The Superpave system, as it is today, does not provide the necessary information for proper evaluation of mixture performance. SHRP indeed did develop a full set of such tests. However, at this moment the practical suitability of the proposed Superpave tests for bituminous mixtures are questioned.

Superpave's innovative performance- based binder specification presents a very interesting approach, especially when dealing with modified binders. It is the impression of the European asphalt industry that the validation and correlation to field performance, however, is not sufficiently documented in the work done by SHRP.

Numerous questions arise on how the specific tests and the specification limits will interact with the modified binders typically used in Europe as mentioned previously by the oil industry. These questions must, therefore, be answered before using the new tests.

The European asphalt industry believes that the role of the contractor must be stimulated. Developing innovative products and concepts is the task for the industry. To be able to do so, adequate and reliable test methods and principles of mix design and type testing must be available and sufficiently correlated to field experience.

Test methods must be suitable for use in the specific contractual relations used, including warranty projects. Consequently, for the European situation, test methods must be practical, implementable in daily operations, and suitable for the goal. Methods that are too complex, too expensive, and too slow, are not usable and efficient when managing product quality on a daily basis.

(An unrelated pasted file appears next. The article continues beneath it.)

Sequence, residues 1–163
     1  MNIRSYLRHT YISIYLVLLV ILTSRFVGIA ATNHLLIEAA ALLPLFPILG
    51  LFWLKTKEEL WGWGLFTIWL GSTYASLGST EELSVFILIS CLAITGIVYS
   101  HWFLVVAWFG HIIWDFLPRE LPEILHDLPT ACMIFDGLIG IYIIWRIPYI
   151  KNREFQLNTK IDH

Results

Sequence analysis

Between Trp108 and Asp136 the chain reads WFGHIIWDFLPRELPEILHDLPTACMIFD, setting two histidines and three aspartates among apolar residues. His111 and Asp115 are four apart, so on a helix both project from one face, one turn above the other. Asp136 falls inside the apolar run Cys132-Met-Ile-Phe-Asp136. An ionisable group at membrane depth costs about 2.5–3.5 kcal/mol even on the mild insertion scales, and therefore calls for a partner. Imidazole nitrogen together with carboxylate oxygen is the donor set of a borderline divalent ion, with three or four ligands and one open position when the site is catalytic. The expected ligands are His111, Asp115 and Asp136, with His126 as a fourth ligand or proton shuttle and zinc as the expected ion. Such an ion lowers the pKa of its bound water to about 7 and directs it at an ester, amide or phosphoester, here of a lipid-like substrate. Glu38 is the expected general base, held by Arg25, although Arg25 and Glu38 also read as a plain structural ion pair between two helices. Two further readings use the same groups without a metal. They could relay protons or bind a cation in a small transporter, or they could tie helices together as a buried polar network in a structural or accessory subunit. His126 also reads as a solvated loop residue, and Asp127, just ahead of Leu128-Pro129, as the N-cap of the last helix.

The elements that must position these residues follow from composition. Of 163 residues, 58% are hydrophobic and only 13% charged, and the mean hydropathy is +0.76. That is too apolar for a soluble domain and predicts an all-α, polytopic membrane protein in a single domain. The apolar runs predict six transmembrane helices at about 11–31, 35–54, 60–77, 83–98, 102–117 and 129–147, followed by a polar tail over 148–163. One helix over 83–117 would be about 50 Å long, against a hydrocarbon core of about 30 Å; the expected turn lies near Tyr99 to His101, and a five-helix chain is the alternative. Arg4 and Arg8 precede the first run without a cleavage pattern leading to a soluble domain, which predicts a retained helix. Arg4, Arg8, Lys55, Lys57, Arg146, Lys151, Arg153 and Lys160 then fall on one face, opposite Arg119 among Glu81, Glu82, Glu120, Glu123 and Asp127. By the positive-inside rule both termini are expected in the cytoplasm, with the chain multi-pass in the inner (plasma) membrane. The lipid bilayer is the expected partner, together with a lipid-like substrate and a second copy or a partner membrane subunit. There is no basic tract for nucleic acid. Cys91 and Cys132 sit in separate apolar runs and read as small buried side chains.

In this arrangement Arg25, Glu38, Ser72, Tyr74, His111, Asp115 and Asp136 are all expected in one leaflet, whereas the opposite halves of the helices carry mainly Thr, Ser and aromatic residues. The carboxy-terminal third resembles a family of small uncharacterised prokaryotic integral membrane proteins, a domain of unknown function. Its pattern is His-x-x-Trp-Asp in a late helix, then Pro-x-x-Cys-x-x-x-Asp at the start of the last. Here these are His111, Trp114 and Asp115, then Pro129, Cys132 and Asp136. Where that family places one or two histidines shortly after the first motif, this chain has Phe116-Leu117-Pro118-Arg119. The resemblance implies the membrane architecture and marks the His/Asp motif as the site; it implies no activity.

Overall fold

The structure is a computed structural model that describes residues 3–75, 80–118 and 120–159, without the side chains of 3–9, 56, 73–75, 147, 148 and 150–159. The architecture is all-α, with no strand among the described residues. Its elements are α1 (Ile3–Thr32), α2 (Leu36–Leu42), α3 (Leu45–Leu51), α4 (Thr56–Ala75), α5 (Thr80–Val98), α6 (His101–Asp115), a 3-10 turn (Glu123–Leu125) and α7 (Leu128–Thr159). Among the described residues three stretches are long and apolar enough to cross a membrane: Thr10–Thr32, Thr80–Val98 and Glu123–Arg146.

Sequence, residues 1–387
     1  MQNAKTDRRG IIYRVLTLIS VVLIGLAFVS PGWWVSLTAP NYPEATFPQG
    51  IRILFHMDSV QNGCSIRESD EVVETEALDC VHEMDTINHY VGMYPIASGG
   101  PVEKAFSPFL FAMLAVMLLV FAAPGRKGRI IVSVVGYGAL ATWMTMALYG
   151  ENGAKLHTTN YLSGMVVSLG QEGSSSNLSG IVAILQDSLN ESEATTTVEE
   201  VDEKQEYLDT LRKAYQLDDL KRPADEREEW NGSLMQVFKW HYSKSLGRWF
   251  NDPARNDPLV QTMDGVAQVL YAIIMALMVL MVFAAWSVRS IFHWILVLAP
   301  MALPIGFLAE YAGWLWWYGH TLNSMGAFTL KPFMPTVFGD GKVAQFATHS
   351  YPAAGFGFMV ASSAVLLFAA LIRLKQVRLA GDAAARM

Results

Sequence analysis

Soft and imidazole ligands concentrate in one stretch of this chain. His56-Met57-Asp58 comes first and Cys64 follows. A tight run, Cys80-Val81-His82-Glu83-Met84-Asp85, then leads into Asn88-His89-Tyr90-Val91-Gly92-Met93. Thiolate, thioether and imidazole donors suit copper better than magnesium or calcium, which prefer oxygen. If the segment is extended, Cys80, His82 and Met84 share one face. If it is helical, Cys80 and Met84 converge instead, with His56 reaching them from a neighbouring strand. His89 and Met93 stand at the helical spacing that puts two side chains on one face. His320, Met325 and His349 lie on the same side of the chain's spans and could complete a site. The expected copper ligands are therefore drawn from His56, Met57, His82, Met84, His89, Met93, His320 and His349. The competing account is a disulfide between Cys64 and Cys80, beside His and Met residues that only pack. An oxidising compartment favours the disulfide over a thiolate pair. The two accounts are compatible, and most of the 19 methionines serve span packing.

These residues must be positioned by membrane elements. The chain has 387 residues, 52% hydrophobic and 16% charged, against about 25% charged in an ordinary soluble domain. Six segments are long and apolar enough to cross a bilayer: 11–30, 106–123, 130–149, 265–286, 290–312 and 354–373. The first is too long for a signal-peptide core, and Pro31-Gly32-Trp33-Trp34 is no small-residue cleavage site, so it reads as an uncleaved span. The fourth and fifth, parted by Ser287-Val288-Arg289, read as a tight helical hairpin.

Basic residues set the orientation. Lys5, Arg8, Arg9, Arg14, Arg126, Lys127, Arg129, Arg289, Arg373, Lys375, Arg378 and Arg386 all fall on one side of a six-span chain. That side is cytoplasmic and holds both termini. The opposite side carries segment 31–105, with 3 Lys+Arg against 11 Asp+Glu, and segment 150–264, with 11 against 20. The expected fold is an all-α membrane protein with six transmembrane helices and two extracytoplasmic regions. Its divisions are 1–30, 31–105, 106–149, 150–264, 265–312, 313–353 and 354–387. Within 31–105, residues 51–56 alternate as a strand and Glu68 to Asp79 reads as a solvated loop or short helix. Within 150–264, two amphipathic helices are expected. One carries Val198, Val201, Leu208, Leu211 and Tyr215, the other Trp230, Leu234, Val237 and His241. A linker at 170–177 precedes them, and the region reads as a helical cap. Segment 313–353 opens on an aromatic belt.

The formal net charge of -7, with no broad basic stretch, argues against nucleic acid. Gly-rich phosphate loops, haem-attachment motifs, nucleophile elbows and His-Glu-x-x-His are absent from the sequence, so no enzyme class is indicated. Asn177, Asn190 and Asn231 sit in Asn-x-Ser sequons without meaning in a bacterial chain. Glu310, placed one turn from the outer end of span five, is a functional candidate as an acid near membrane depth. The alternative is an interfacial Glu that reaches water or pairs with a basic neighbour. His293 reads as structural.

For quality control, tests and instruments are required that can be used within the regular production and construction of asphalt pavements. The structure in the European asphalt industry requires reliable and secure specifications in regard to mix design, type testing, and quality control.

Questions must be answered

The scientific basis of Superpave is recognised, but the translation into test methods requires specific adaptation to European contractual relations.

It is the intention of the asphalt industry to pro-actively address the format of the required system. The Technical Committee of EAPA is continuously working on this subject, including a recommendation of a workable system of product quality management.

The most important conclusion is that without the Superpave Mix Analysis & Performance Prediction, the Superpave system does not represent a superior technology as compared to current European technology. Furthermore, extensive validation programs will be required before any recommendations can be made on the usefulness of the Superpave system for the European market.